This is a world that feels real from page one, full of war, music and redemption. Every time I pick the story up, I can't put it down until I've reached the last page.
If you haven't read any of Kay's work, I'd suggest moving this book to the top of the to-read pile. I hope you enjoy it as much as I do.
Once in a while, I like to return to my old favorites in the science fiction and fantasy genres - it's like having a good chat with a friend whom you haven't seen since your school days. Illusion by Paula Volsky is one of those books well worth rereading, in my opinion. It's a complex genre retelling of a fantastical French Revolution, complete with magic and mechanical creatures.
The writing is superbly detailed, and the story will keep you on the edge of your seat. The main character, Eliste, is one of the Exalted, which are the ruling class in Vonahr. When the peasantry revolt, the ruling class are cast down, and Eliste must struggle to survive in a suddenly hostile city intent on sending her to the executioner.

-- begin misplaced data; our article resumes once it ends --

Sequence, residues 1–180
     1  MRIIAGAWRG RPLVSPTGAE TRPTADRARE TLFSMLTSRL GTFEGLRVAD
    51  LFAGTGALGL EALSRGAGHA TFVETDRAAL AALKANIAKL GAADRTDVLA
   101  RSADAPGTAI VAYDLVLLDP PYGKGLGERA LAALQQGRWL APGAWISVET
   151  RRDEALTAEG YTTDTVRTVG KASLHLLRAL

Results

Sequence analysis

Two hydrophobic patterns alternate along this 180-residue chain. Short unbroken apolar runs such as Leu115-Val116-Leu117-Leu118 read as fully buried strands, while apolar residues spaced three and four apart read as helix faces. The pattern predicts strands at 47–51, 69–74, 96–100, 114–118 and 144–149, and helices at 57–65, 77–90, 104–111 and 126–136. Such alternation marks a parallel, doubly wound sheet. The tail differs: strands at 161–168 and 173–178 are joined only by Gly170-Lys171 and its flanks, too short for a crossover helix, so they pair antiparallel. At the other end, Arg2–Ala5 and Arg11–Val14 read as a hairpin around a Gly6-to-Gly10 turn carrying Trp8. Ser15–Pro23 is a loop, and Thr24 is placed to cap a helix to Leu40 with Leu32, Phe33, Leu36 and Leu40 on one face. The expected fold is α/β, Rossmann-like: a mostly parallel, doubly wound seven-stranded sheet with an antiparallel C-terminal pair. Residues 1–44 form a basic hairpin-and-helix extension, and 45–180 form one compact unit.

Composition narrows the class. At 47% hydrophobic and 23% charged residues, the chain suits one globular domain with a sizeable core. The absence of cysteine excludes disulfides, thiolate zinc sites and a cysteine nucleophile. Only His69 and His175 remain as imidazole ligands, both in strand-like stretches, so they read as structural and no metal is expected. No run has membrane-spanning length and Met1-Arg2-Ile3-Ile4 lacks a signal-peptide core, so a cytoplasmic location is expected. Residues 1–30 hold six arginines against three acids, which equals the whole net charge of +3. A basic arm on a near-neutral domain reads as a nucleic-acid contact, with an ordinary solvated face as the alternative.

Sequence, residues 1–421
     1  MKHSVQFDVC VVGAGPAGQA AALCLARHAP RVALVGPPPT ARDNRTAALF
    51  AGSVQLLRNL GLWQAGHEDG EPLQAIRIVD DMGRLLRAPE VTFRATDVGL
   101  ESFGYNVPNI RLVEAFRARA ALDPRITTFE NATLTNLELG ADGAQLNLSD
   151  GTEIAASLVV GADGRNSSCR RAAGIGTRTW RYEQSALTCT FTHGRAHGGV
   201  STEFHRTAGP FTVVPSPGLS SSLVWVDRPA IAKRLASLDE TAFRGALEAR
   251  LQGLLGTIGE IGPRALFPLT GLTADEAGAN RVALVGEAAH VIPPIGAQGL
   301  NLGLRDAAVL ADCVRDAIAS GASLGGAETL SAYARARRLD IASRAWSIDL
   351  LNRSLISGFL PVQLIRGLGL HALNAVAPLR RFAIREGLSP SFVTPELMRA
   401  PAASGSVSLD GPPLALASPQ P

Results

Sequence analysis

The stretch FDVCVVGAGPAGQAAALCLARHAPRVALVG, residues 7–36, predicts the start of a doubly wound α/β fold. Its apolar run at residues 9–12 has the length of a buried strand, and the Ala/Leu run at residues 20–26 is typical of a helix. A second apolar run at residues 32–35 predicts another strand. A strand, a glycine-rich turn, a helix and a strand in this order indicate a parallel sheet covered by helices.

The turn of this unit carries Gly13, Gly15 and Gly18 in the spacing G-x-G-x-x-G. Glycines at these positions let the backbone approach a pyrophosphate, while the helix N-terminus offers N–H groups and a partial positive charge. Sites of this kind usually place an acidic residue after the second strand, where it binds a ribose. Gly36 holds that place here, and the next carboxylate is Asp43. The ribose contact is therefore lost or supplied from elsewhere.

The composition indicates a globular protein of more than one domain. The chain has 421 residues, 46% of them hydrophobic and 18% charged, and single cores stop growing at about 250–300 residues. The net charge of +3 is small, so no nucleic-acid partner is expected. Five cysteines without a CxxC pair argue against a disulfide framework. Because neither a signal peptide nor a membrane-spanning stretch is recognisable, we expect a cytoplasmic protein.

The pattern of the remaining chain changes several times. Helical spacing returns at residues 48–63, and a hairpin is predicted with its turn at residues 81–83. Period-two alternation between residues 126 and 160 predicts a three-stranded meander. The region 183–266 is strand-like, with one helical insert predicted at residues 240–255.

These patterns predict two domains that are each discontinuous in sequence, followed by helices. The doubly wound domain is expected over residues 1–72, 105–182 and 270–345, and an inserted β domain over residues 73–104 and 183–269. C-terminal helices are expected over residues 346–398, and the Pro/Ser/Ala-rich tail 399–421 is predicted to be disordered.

My full review of the book came out at Bewildering Stories today, so please feel free to check it out here. I hope you enjoy reading (or rereading) Illusion as much as I do, even if it's my two millionth time doing so!
Tomorrow is Valentine's Day, and I always try to read at least one romance during the month of February. This year, it's Rachel Gibson’s The Trouble with Valentine’s Day, which seems to strike a pretty good balance between the sometimes sickly-sweet romance genre and the humor of rom-coms.
It’s my first time reading Ms. Gibson’s work, but I would enjoy picking up another book by her. It’s a fun read, light-hearted in tone despite dealing with some very serious issues, and the characters are appealing enough to have kept me going to the last page. Overall, I’d recommend The Trouble with Valentine’s Day to fans of the genre.